His work would impact the lives of more than just African-Americans. Carver's research played a big part in transforming the agricultural economy of the deep South from one based on “King Cotton,” which depleted the soil, to one based on other crops such as peanuts, sweet potatoes and soy beans, which helped restore the soil.
Carver's work included the teaching of soil improvement and the diversification of crops. He discovered hundreds of uses for the peanut, the sweet potato and the soybean, thus stimulating the cultivation of these crops. He devised many products from cotton waste and extracted blue, purple and red pigments from local clay. American dye companies relied on his research and advice to produce dyes during the Second World War, when the traditional resources for these became scarce.
Traveling around the South, Carver educated local communities on how to improve their farming techniques and on how common plants, weeds and elements in nature could be utilized as a substitute for industrial products that were too expensive or hard to find. He was ready and willing to share any of his knowledge with anyone else for, as he put it, “the price of a postage stamp.”
Carver believed that no one need ever starve if they knew how to utilize indigenous wild vegetation. It was this insight into the natural world that led the likes of Joseph Stalin and Mahatma Gandhi to seek out Carver's knowledge. Facing widespread starvation in their nations, both men asked for his help. The government of Britain also reportedly contacted him in the early part of World War II to help them prepare for the possibility of famine.
Old Values for the New Millennium
Carver's world of family farms and agriculturally based communities gradually faded. Technological advances in the decades after his death brought sweeping changes to agriculture in the Western world, making many of his discoveries seemingly irrelevant. His work appears insignificant in the fast-paced, information-driven economies of today. Yet one thing he taught that will never become passé lies in the area of character.
His primary motivation was not the amassing of wealth (he reportedly turned down a job offer from Thomas Edison that would have given him a six-figure salary). Carver treasured something of much greater value: knowledge. But not just knowledge for the sake of knowledge. His overwhelming desire was to use what he learned to help the less fortunate. Richard Pilant, who was instrumental in establishing Carver's birthplace as a U.S. national monument, wrote that Carver began each day with an earnest prayer that God would reveal to him the secrets of the flowers, plants, soil and weeds so that he might help “put more food in the bellies of the hungry, more clothing on the backs of the naked, and better shelter over the heads of the homeless.”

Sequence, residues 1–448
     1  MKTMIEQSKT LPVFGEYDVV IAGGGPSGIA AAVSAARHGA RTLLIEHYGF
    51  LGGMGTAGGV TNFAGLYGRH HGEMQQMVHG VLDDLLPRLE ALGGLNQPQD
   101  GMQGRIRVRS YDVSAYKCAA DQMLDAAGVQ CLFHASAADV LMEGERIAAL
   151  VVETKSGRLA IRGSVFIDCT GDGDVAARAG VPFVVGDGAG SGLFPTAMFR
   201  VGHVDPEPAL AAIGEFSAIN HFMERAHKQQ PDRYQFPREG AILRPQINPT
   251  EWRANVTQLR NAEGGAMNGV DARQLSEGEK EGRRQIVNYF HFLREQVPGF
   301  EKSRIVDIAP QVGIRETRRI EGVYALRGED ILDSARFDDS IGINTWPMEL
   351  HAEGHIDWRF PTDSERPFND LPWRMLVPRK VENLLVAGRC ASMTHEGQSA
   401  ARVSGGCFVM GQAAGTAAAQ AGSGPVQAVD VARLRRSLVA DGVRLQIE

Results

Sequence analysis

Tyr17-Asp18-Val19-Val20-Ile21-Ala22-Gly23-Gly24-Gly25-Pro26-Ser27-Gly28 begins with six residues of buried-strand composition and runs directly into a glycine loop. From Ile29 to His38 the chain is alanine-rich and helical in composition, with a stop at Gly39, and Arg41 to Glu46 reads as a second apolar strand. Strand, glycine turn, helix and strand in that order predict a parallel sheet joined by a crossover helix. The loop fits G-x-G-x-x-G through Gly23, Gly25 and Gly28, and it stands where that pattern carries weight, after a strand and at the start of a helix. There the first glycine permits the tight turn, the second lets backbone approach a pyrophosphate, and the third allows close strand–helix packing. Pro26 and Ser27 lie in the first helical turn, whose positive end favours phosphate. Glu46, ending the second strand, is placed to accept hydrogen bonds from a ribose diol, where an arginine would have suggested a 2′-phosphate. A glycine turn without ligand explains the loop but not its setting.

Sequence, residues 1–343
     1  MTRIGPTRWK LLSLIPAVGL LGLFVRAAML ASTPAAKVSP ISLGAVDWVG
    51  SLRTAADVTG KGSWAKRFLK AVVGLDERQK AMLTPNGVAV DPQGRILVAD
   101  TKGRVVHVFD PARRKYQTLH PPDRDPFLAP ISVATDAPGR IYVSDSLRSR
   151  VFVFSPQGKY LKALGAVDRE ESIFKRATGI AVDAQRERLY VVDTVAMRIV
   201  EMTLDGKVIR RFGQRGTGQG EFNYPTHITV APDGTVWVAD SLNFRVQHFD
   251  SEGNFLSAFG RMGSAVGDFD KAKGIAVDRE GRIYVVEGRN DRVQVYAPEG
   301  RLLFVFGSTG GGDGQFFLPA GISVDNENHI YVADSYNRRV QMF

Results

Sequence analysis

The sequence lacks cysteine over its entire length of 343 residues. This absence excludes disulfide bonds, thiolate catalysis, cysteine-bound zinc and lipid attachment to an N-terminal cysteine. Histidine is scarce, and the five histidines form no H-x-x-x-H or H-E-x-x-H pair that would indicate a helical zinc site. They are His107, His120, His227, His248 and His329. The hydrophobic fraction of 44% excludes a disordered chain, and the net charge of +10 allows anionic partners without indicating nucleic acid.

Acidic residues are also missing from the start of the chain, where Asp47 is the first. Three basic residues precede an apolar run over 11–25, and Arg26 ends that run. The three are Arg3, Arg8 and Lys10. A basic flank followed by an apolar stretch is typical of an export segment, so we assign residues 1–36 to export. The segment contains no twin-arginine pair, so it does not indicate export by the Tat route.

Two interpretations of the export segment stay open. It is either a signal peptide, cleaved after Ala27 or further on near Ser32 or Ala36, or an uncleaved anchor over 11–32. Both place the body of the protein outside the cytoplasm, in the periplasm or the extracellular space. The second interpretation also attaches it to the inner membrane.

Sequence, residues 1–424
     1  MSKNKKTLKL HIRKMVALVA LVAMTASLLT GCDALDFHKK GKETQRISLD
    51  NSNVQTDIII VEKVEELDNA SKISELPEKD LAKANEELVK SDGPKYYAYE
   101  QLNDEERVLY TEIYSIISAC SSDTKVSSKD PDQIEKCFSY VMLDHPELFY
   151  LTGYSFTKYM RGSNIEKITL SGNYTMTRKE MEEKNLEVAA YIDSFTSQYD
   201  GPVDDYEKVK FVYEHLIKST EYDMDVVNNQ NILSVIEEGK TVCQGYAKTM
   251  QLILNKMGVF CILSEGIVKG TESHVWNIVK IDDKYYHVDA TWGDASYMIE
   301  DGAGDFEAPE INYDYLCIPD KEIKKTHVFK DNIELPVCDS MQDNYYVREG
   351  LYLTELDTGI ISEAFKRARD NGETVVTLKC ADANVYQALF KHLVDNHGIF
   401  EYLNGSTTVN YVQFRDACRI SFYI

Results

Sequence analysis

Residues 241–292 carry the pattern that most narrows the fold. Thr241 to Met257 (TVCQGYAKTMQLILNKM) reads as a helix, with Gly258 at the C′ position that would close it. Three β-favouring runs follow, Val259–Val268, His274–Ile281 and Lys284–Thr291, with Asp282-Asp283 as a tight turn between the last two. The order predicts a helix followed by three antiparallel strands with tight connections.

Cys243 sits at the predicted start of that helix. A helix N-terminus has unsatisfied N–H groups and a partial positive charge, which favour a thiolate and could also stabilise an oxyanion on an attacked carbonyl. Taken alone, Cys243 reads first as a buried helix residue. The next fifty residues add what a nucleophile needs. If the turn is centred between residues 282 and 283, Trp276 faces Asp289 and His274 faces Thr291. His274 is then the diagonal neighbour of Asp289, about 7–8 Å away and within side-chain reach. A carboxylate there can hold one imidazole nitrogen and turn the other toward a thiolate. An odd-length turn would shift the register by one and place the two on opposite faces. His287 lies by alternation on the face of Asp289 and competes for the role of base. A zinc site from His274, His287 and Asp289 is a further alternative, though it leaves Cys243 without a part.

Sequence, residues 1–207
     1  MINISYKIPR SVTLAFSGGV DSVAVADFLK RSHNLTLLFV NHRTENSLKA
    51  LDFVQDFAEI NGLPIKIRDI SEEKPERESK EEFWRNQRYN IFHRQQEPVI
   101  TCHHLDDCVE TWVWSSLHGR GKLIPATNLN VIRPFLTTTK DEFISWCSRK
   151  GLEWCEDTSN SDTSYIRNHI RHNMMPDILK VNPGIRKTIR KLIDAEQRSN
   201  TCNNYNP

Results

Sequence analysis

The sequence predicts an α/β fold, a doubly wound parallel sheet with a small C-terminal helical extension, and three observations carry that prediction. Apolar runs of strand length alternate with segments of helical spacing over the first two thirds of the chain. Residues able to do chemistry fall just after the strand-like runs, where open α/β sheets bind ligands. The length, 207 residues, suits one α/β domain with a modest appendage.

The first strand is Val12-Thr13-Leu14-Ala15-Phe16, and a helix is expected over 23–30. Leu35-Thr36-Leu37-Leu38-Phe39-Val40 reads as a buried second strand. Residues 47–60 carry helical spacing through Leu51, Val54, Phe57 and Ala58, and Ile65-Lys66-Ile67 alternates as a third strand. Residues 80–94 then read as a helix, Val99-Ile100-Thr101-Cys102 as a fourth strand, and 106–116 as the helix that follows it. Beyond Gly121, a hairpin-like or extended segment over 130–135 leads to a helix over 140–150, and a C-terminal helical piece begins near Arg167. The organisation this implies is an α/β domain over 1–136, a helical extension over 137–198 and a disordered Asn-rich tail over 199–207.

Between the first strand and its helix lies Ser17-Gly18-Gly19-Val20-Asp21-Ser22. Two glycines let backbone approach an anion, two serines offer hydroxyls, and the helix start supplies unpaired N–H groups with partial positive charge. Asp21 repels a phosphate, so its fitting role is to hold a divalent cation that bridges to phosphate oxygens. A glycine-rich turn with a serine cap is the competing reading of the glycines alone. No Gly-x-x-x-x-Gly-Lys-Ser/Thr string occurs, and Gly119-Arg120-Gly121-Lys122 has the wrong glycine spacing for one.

Carver believed that science could unlock the secrets of the universe, but he also recognized that nature was not something to be taken for granted.
He believed that science could unlock the secrets of the universe, but he also recognized that nature was not something to be taken for granted. He deeply believed that nature was created and that the best scientists understood this fact. Carver was ridiculed by the New York Times after a speech in which he said, “I never have to grope for methods; the method is revealed at the moment I am inspired to create something new.” He concluded by saying that, without God to “draw aside the curtain,” he was helpless.
Carver's untiring and selfless devotion to help the poor and unfortunate sprang from a profound humility. The source of that humility was his faith in God. Carver always gave credit to his Creator for each remarkable discovery he made and for all the accomplishments in his life—which were considerable.
We might well reflect on the character Carver exemplified—qualities of humility and selfless concern for others. Such character, seemingly ever harder to find, is of even greater value and relevance as we face the complexities and challenges of a new millennium.